Category Archives: Literature


“Stop!” said the old man.
Douglas pulled up and turned.
Mr. Sanderson leaned forward. “How do they feel?”
The boy looked down at his feet deep in the rivers, in the fields of wheat, in the wind that already was rushing him out of the town. He looked up at the old man, his eyes burning, his mouth moving, but no sound came out.

“Antelopes?” said the old man, looking from the boy’s face to his shoes. “Gazelles?”

The boy thought about it, hesitated, and nodded a quick nod. Almost immediately he vanished. He just spun about with a whisper and went off. The door stood empty. The sound of the tennis shoes faded in the jungle heat.

Mr. Sanderson stood in the sun-blazed door, listening. From a long time ago, when he dreamed as a boy, he remembered the sound. Beautiful creatures leaping under the sky, gone through brush, under trees, away, and only the soft echo their running left behind. 


Thyme Ms. Stick King | Three Random Vignettes

Do any of you guys play Mad Gab?  I love Mad Gab.


The Charles, right before it starts to bloom.

Anyway, this semester, I spent a good four hours consolidating all my syllabi into one master syllabus.  It took a loooong time since only one prof gave me a MS Word documents and the rest used PDFs.  But it was so worth it.  I’ve been relatively on top of my projects and readings!  It’s come to a point though, where all I’m realizing is that it is week 10, I have projects and papers due in the last week of April and the first week of May, and then it’s o v e .

Second semester was so much better in figuring out how to end, but it could always be better.  I sort of gave up some areas of my life to prioritize for others and of course, leaving a lot of time for play.  I’m a sentimental type of person, and sometimes, I see people in the library or walking down the street and I feel this urgency to meet up for “one last time,” study together for “one last time,” and then I feel very very weepy.

One of my hopes for this blog was to explain the name and the title.  I thought it was a clever way of incorporating this “search for the elusive  snark” and little witticisms.  Recently, as I’m trying to figure out where to go after graduate school, how to plan my ideas for The Mind Garden or whether to jump head first into different nonprofit start-ups, this chunk of Lewis Carroll’s The Hunting of the Snark resonates more deeply.

” ‘But oh, beamish nephew, beware of the day,
If your Snark be a Boojum! For then
You will softly and suddenly vanish away,
And never be met with again!’

I have goals and I have dreams that I am hunting.  But if it’s the wrong Snark, if it’s a Boojum, “you will softly and suddenly vanish away, / And never be met with again!”  I feel that although I’m surrounded by much passion, sometimes, I feel sad at the meaninglessness of being only full of passion, even if it is properly guided or stems from well-meaning thoughts.  I wonder a lot for myself, what does it matter if I gain my whole world, but then lose that which put meaning into it in the first place?  (Mt. 16:26, Mk. 8:36, Lk 9:25).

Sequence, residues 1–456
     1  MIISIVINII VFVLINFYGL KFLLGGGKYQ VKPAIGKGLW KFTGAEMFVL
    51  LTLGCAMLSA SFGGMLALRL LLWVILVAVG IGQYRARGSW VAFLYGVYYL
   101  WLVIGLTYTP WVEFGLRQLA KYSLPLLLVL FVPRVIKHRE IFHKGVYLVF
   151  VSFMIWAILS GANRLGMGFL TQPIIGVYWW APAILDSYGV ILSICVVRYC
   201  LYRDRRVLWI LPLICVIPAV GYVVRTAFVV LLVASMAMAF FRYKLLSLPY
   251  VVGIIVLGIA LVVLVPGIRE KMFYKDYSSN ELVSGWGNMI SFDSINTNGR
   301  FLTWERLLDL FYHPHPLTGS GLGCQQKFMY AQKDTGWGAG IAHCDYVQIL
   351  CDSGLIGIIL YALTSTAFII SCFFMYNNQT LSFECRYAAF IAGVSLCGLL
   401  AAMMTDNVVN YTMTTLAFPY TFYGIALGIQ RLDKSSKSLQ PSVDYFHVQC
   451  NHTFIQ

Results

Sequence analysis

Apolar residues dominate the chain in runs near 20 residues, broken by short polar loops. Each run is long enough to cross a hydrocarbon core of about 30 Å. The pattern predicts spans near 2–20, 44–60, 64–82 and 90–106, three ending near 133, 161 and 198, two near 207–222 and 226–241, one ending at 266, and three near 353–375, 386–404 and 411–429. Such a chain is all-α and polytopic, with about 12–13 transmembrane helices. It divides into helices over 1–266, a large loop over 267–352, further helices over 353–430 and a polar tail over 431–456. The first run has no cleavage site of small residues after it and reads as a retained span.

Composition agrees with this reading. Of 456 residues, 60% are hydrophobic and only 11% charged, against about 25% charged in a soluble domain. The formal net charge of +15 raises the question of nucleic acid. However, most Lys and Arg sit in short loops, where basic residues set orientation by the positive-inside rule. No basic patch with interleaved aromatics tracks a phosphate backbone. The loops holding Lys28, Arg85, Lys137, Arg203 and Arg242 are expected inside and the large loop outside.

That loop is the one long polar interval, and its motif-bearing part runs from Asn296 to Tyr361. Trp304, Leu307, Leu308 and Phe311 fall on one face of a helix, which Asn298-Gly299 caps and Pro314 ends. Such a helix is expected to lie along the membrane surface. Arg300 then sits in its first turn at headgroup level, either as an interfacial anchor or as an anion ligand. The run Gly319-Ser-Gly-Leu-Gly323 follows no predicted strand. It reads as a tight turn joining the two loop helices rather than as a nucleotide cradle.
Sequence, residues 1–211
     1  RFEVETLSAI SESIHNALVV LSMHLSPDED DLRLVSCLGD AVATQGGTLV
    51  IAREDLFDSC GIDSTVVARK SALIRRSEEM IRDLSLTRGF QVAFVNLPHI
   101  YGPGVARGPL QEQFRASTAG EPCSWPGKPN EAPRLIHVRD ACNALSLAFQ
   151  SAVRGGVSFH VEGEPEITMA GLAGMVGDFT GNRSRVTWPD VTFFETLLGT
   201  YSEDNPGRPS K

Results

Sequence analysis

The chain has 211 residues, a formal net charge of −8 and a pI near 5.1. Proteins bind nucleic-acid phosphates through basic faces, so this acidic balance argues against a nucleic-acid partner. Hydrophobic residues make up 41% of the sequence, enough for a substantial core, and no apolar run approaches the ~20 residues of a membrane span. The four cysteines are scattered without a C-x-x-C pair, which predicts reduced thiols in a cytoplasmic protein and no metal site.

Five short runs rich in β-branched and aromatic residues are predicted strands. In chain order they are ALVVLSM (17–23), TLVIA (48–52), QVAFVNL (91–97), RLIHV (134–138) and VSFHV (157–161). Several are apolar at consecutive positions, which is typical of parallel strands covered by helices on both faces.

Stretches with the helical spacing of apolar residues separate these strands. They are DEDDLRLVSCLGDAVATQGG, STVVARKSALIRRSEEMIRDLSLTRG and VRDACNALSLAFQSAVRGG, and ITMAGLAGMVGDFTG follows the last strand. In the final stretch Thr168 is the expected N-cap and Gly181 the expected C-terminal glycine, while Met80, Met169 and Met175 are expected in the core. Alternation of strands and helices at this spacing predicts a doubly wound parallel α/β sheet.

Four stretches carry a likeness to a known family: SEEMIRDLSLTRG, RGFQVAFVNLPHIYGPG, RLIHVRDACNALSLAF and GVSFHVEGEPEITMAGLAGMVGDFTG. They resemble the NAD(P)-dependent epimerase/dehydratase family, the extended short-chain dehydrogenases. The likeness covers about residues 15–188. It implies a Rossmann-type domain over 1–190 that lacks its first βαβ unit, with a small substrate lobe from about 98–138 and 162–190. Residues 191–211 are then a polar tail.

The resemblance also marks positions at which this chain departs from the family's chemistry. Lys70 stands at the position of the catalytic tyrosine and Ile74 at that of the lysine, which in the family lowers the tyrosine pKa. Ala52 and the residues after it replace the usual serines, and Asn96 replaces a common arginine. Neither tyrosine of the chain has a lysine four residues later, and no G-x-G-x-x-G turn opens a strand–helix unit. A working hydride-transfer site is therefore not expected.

“A teacher is one who makes himself progressively unnecessary” – Thomas Carruthers

(I have no idea who Thomas Carruthers is except for the fact that he’s credited with a pretty great quote.  I’ve been meaning to write on “The Hunting of the Snark” for a while and how it relates to me (and this blog), but it turned out to be longer than I anticipated.  So, I’m releasing it in chunks!  Meaty chunks.)

They sought it with thimbles, they sought it with care;
They pursued it with forks and hope;
They threatened its life with a railway-share;
They charmed it with smiles and soap.

I can’t remember the first time I read “Jabberwocky” by Lewis Carroll nor can I say that I particularly enjoyed Carroll’s works when I was young.  In fact, it wasn’t until I was a teacher myself, at a small international school in Taipei, that I began to appreciate Carroll’s tiny gem.  With this poem, I could teach my students (many of whom came from non-English-speaking backgrounds) poetry terms (verse, quatrain, rhyme scheme, rhythm, consonance),  I could review the plot diagram (exposition, conflict, rising action, climax, falling action, and denouement), I could emphasize the importance of grammar (despite not knowing the words, you can figure out the story based on its preservation of grammatical sentence structure, and also, by interpreting a “fake” word as a predicate nominative or a predicate adjective change the whole picture), I could insert creative options (illustrating, dramatizing, singing), and finally, I could remind my students that even Carroll himself snubbed the dogma of a rigid education.